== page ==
First Chris Sale, then David Price, these pitched battles have got to stop
The series win was there for the taking in the ninth inning Sunday night, two walks around a sacrifice bunt getting things off to a potential walkoff start. But the Red Sox didn’t take it.
It was there for the taking again in the 11th, a leadoff double by Jackie Bradley Jr., the seemingly perfect continuation of Andrew Benintendi’s run-stopping throw to the plate to end the top of the inning. But the Red Sox didn’t take it.
The Red Sox never did take it Sunday night, when a win would have felt so wonderful, erasing the toll of a long night of baseball that started with an hourlong first inning and crossed the four-hour running time by the ninth.
Instead, they wasted dramatic back-to-back home runs to tie it in the eighth, wasted the parade of bullpen saviors taking turns throwing scoreless innings until the 12th.
So rather than using this World Series rematch with the Dodgers as a reminder of the team they were last year and perhaps a predictor of the one they can still be this season, the Red Sox head out of the weekend series with a 7-4, 12-inning loss, and head into a 21-game stretch against AL East foes still wondering when, if ever, they’ll find the groove that has eluded them all year.
What does remain clear after losing the series to the Dodgers is that their best hope for successfully navigating this roller coaster to even get a chance at defending their World Series title is on the backs of their starting pitching. It’s their most obvious area for improvement, targeting what was a perceived position of strength going all the way back to spring training but that has not met the expectation.
Sunday night was David Price’s turn to fall just short, his five innings not nearly enough to play stopper to his cohort Chris Sale’s meltdown Saturday night. In fact, Price managed to fulfill almost exactly what manager Alex Cora had tabbed in his pregame conversation as a problem with the staff all year.
While Cora’s comments came in response to a line of questioning about the struggling ace Sale, it fit Price’s night to a tee.
Price labored all night, eclipsing 20 pitches in each of his first two innings, putting him at 113 after the fifth and ending his night far too early for a manager’s liking.
Though Price managed to hang tough after a three-run first inning (all three were unearned due to an error, but counted nonetheless when A.J. Pollock sneaked a three-run homer inside the Pesky Pole), the Dodgers made him work for every out, just as it seems every opposing team has been able to do to every Sox starter at some point this year.
“That’s the goal for us, to find it and find that pitch and put people away,” Cora said. “I’ve been saying all along, there’s certain at-bats, they’re long at-bats, foul balls. Somebody on the opposition that put the 10-, 12-pitch at-bat and the pitch count goes up. That’s something we haven’t done this season, is [Cora snapped his fingers] just put guys away. The three-pitch ‘boom’ and let’s move to the next one. It’s been going on all season.”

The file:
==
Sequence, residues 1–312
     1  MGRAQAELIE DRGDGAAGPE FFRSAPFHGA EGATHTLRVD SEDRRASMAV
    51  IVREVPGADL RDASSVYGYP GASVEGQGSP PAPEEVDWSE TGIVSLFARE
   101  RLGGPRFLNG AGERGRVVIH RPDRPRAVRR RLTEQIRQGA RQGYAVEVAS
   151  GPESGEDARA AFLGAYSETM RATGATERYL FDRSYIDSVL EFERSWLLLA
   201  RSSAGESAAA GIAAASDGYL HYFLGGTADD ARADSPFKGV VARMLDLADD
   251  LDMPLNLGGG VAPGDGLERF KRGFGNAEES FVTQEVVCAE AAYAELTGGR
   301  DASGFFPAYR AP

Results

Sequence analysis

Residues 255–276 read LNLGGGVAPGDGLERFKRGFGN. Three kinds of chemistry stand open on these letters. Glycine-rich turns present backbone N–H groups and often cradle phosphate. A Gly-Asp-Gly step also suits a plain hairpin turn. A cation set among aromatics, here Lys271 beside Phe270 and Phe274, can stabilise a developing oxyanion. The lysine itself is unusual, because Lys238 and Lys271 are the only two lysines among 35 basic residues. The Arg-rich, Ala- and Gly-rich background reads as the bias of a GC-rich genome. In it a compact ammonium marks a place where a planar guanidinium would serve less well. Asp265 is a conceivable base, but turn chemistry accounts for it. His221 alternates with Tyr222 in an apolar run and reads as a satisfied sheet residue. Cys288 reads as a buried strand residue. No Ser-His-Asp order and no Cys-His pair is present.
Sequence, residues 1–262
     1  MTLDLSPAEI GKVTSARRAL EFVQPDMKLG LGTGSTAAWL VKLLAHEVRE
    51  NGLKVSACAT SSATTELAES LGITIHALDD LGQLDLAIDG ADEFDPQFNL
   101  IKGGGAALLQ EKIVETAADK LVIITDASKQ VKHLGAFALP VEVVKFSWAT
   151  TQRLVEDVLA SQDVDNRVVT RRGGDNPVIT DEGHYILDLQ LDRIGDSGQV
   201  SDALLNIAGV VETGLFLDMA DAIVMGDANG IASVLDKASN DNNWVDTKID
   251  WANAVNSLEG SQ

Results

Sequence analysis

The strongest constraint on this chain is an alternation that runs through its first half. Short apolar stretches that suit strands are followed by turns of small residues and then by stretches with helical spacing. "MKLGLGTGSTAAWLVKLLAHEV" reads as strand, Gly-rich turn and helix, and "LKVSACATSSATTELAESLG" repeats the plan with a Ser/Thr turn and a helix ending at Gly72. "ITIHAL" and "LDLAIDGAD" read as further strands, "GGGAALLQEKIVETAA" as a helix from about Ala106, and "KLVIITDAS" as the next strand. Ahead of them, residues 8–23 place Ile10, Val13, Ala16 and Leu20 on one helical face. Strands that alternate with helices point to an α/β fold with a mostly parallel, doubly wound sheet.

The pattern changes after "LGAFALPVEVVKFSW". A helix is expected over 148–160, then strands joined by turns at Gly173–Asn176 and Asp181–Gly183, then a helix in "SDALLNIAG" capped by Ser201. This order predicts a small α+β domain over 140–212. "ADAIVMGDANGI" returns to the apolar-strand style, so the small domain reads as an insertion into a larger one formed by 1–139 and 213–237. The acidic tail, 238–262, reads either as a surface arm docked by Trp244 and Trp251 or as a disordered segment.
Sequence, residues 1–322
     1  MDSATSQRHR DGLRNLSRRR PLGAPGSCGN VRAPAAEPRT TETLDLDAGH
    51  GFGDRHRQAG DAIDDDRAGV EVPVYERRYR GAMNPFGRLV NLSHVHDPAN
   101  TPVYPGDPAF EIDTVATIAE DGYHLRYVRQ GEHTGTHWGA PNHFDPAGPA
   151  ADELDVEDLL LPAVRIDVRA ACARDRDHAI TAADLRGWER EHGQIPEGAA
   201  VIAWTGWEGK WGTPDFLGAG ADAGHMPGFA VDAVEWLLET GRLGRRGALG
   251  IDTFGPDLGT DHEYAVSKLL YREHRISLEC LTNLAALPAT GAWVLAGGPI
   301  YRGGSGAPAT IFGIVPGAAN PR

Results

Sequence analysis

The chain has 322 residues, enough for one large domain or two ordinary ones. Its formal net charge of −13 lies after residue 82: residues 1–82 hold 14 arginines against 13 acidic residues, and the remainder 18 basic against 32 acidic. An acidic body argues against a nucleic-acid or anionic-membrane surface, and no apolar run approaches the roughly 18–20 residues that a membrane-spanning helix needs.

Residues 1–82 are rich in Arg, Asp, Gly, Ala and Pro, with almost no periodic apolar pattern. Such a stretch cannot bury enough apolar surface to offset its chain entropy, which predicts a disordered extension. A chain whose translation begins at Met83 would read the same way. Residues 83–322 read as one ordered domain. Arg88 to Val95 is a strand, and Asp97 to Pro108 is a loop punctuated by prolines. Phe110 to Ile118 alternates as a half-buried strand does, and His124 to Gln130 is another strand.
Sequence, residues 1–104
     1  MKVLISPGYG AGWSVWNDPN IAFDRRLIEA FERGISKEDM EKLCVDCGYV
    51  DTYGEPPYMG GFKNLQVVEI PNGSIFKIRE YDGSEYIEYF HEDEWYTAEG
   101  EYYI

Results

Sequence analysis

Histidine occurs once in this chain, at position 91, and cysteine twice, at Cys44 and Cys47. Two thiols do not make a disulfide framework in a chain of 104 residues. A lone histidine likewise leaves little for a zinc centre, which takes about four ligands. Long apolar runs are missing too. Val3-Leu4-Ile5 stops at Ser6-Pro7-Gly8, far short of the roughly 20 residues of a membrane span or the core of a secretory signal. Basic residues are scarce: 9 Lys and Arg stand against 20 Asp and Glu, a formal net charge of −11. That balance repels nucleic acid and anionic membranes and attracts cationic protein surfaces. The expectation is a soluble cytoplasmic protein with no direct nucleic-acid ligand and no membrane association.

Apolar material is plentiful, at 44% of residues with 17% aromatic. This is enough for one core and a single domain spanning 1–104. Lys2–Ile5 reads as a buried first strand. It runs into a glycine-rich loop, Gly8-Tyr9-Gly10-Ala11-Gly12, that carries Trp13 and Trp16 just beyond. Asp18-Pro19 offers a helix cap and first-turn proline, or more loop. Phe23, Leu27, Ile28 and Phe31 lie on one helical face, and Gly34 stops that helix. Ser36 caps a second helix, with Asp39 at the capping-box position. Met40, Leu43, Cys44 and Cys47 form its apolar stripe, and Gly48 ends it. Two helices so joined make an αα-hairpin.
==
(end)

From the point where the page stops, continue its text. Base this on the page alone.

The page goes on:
That’s how it went for Sale Saturday, when the wrong end of an 11-2 game dropped his record to 3-9.
“You try to put everything in perspective and keep the emotions out of the whole equation and you’re like, ‘Are we that far off? Or are we just one pitch here and one pitch there for him to go six innings and one run,” Cora said.
The Red Sox better hope it’s the latter if they want back in the playoff picture.
No better place to start than with Sale, whose arsenal has been missing plenty this season, but who has held on to one consistent move: Falling on his own sword.
The lanky lefthander did it again Saturday night, when another poor pitching line thwarted whatever momentum the Red Sox might have gained in winning their first game out of the All-Star break against Los Angeles Friday night. Sale used his postgame interview as a study in self-flagellation. That Sale was willing to own up to his own awfulness is no surprise — he’s always been at the front of the line of accountability, a big reason his early departures are rarely booed.
But candor doesn’t win games. Good pitching does.
“It’s not fun,” he said. “I’m still working, still grinding. I’m not going to give up, but you know it’s tough going out there and being a liability for your team. I’m just not getting it done. I usually can go out there and find a way, navigate your way through a game. You’re going to hit some rough patches and things like that, and I’m usually able to get out of it. But for whatever reason, the cards aren’t falling my way, luck’s not going my way, and I’m not helping myself out either. So, I’ve got no other excuses.”
There are plenty of directions to look for reasons why the Red Sox have been so up and down – defending a title is extremely difficult to do in baseball, where the grind of one long season can easily bleed into the next, where the hangover of one championship run can easily dilute the focus as the next year’s road begins.
There are plenty of culprits, too, from hitters who haven’t kept pace with last year’s production to a bullpen that has been both overworked and underwhelming. But everyone knows where the repair work starts.
“Everything starts with the rotation, we know that,” Cora said, hopeful the weekend trade for Orioles starter Andrew Cashner will give it a boost. “Pitching-wise, we get rolling and then we stop. We’ve been talking about it from day one, that our rotation is the key for what we’re trying to accomplish. And they know it. It’s just something we need to do a better job. We’ve been inconsistent.”
Sale, to his credit, wasn’t looking to lay blame on anyone but himself. Those self-inflicted bruises have been his shield to many critics.
But the Sox don’t need confessions. They need better pitching. From everyone.